Pierluca et al v. Quality Resources, Inc. et al

Middle District of Florida, flmd-8:2016-cv-01580

ORDER: Defendant Cheryl R. Mercuris' Motion to Dismiss Plaintiff's Complaint {{11}} is granted. The claims against Mercuris are dismissed with prejudice. Signed by Judge James S. Moody, Jr on 8/5/2016. (LN)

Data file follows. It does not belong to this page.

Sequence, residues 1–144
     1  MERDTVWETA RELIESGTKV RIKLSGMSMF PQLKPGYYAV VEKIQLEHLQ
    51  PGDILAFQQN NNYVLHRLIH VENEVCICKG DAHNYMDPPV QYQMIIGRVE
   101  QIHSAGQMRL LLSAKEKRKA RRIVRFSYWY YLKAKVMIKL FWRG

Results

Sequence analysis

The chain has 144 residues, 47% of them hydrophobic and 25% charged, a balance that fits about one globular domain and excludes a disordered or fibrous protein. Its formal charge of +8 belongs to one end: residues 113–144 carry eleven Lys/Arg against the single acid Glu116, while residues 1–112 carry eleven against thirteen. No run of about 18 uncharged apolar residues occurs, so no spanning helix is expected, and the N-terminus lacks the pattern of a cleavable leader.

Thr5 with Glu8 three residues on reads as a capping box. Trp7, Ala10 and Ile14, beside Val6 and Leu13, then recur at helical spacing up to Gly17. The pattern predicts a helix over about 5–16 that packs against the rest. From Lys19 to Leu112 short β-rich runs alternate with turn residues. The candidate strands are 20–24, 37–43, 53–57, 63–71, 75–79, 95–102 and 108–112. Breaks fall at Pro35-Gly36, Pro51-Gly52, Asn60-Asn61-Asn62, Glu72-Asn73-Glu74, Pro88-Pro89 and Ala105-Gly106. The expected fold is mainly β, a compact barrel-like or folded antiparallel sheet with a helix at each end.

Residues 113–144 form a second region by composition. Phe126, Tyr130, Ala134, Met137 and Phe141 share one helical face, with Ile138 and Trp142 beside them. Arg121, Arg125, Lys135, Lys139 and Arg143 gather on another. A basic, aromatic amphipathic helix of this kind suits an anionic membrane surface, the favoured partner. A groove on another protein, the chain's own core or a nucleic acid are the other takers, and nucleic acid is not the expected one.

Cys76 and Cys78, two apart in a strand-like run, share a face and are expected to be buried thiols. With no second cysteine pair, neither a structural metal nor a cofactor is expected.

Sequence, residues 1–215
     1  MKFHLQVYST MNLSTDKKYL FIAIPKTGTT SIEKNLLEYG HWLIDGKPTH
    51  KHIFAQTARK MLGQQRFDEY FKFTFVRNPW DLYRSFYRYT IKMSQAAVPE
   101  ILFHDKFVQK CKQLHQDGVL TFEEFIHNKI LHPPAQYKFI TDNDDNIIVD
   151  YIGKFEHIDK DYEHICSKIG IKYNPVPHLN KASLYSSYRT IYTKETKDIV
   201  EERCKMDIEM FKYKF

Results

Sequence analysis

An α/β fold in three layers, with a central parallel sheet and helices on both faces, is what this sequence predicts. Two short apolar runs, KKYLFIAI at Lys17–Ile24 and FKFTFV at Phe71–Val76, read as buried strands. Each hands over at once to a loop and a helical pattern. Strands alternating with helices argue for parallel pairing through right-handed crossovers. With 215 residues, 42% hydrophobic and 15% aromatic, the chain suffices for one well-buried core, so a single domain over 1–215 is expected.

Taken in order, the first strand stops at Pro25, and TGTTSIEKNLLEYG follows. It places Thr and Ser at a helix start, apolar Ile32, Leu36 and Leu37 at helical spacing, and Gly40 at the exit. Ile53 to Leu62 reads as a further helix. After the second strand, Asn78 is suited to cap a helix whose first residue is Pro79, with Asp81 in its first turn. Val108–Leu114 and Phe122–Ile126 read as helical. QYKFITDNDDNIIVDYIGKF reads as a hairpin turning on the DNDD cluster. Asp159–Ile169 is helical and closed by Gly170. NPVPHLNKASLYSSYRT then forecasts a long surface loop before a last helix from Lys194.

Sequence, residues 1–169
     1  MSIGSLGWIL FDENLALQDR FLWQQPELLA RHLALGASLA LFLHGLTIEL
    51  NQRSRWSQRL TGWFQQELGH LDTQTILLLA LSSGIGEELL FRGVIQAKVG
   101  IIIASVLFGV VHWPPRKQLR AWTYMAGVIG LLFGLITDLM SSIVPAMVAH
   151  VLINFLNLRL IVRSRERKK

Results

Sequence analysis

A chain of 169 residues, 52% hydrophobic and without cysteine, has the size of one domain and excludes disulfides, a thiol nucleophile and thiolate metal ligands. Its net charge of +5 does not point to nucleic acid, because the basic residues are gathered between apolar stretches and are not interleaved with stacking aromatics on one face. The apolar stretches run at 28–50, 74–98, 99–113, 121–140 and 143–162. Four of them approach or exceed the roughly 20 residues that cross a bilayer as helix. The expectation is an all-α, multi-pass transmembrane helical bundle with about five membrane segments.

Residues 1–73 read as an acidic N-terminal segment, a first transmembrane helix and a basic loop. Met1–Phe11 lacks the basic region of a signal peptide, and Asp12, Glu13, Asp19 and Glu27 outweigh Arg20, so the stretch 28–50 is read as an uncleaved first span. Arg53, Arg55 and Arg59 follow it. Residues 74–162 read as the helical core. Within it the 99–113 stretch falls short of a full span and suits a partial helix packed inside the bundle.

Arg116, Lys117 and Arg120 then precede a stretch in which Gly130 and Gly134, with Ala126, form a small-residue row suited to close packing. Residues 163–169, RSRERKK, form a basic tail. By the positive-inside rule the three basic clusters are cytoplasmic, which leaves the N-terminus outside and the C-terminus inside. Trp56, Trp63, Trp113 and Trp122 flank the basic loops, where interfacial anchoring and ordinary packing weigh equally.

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PageID 66 UNITED STATES DISTRICT COURT MIDDLE DISTRICT OF FLORIDA TAMPA DIVISION MARIO PIERLUCA, on his own behalf and on behalf of those similarly situated, and MARCUS HOLMES, on his own behalf and on behalf of those similarly situated, Plaintiffs, v. CASE NO: 8:16-cv-1580-T-30AEP QUALITY RESOURCES, INC. and CHERYL R. MERCURIS, Defendants. ____________________________________/ ORDER THIS CAUSE comes before the Court upon Defendant Cheryl R. Mercuris' Motion to Dismiss Plaintiff's Complaint (Dkt. 11) and Plaintiffs' Response (Dkt. 14). The Court, having reviewed the motion, response, and being otherwise advised in the premises, concludes that the motion should be granted. BACKGROUND On June 15, 2016, Plaintiffs, on behalf of themselves and those similarly situated, filed a one-count complaint against Defendants Quality Resources, Inc. and Cheryl R. Mercuris, for alleged violations of the Worker Adjustment and Retraining Notification Act ("WARN"). Plaintiffs allege that Defendants closed the call center where Plaintiffs were employed without providing the requisite notice provided for under WARN. PageID 67 Plaintiffs allege that Mercuris, as shareholder and sole director of Quality Resources, was Plaintiffs' "employer" as that term is defined under WARN and, therefore, subject to individual liability. Mercuris now moves to dismiss the claims against her because individuals cannot be held liable under WARN. As explained below, the Court agrees and dismisses the claims against Mercuris with prejudice. DISCUSSION WARN provides, in relevant part, that "[a]n employer shall not order a plant closing or mass layoff until the end of a 60-day period after the employer serves written notice" of the closing or layoff to the affected employees or their representative. 29 U.S.C. § 2102(a). WARN applies only to "employers," and section 2101(a)(1) defines "employer," in relevant part, as any "business enterprise" that "employs 100 or more employees." Although the Eleventh Circuit has not addressed individual liability under WARN, district courts have consistently held that an "employer" under WARN does not include individual persons because "neither the statute, the regulations nor the legislative history makes any reference to 'persons.'" See, e.g., Cruz v. Robert Abbey, Inc., 778 F. Supp. 605, 608 (E.D. N.Y. 1991), Warshun v. New York Cmty. Bancorp, Inc., 957 F. Supp. 2d 259, 267 (E.D.N.Y. 2013) (same). The Court agrees with these cases and concludes that Mercuris cannot be held individually liable under WARN. Plaintiffs argue that the alter ego doctrine creates an exception and that Mercuris is the "alter ego" of Quality Resources. Although the Eleventh Circuit has not addressed an alter ego exception under WARN, it has soundly rejected similar arguments with respect to -2- PageID 68 Title VII, which also does not include individuals in its definition of "employer." See Dearth v. Collins, 441 F.3d 931, 933 (11th Cir. 2006). In Dearth, the Eleventh Circuit held that "there is nothing in Title VII that supports Dearth's claim that individual capacity liability can be imposed on the basis of the alter ego doctrine." Id. Similarly, there is nothing in WARN that supports Plaintiffs' argument that Mercuris can be individually liable as Quality Resources' alter ego.1 Finally, Plaintiffs' "single-employer" theory fails for the same reasons. Accordingly, It is therefore ORDERED AND ADJUDGED that: 1. Defendant Cheryl R. Mercuris' Motion to Dismiss Plaintiff's Complaint (Dkt. 11) is granted. 2. The claims against Mercuris are dismissed with prejudice. DONE and ORDERED in Tampa, Florida on August 5, 2016. Copies furnished to: Counsel/Parties of Record S:\Even\2016\16-cv-1580 mtd 11.wpd 1 Notably, Title VII's definition of "employer" is broader in scope than WARN's definition of employer because it includes "a person engaged in an industry affecting commerce." 42 U.S.C. § 2000e(b) (emphasis added). Nonetheless, it is well-settled in the Eleventh Circuit that Title VII does not allow for individual liability. See Dearth, 441 F.3d at 933-34. The Court sees no basis for the Eleventh Circuit to depart from this reasoning with respect to individual liability under WARN. -3-